There’s an archetypal personality in the Scottish Borders, the verdant wedge of rolling lowland abutting England’s northernmost reaches.
Innocent of motorways and barely skirted by rail, the region preserves an identity shaped not only by agriculture but also centuries of cross-border conflict. It’s an archetype that’s modest but steely, cautious of strangers and reluctant with an audience but boisterous among friends. I grew up surrounded by it. You’ll find it from Burnmouth to Buccleuch. Nothing unusual, then, about James Clark, Jnr, the young farmer from Chirnside. Except that he was the greatest racing driver in the world.
Clark was Formula 1 world champion in 1963 and in 1965, when he paused from winning six consecutive grands prix to triumph at Indianapolis. He narrowly missed three more F1 titles, was twice runner-up at the Brickyard and claimed the 1964 British Saloon Car Championship.
On 7 April 1968, Clark was killed when his Formula 2 Lotus-Cosworth crashed in the woods at Hockenheim. In the subsequent issue of Autocar, the accident’s cause eluded editor Peter Garnier, as it eludes today. Garnier’s eulogy concluded: “Though most of us will see him in memory, garlanded and waving after some great victory, it is perhaps the thought of his less glamorous, simpler background in his native land that endeared him to us all so much.”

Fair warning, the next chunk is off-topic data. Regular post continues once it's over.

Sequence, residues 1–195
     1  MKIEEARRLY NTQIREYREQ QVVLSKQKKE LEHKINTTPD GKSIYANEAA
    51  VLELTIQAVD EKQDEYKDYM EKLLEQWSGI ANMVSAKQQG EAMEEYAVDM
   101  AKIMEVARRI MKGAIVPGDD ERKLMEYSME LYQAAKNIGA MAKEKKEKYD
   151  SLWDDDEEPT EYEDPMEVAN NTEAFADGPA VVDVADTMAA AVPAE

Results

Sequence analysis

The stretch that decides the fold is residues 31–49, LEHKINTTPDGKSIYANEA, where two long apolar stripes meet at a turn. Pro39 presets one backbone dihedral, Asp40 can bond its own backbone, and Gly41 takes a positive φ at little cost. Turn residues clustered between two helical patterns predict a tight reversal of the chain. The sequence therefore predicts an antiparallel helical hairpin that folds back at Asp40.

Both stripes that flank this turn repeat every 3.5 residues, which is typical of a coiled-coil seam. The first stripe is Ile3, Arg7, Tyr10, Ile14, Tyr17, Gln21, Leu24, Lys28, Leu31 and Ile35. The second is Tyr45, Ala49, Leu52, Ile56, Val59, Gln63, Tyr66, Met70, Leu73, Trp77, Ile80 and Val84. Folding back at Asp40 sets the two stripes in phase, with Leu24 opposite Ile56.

That is why we’re making a pilgrimage to see the places, meet the people and drive the cars that helped shape a champion, when motorsport for Clark was still a local, amateur affair. We’re armed with a Lotus Evora GT410 Sport, the latest machine from the marque that carried Clark to his greatest triumphs, liveried in dark green with yellow calipers in tribute.
We’ll be guided by my father’s 1965 copy of Clark’s autobiography, At the Wheel – the book that inspired Webber the Elder growing up in Hawick as it did a teenage Steve Cropley kicking up dust in the Australian Outback. Such was the global appeal of this local hero; the man the French christened ‘Superjim’ and the Italians ‘Clarkissimo’.
Our first call is not Chirnside but Kilmany, the Fife village where Clark was born in 1936 and spent his first six years. There we visit the commemorative statue by local sculptor David Annand. Set on a peaceful lane next to the babbling Motray Water, it shows the distinctive 5ft 7in frame in racing overalls, mid purposeful stride. It’s a beautiful piece and, I’m told, an uncanny likeness.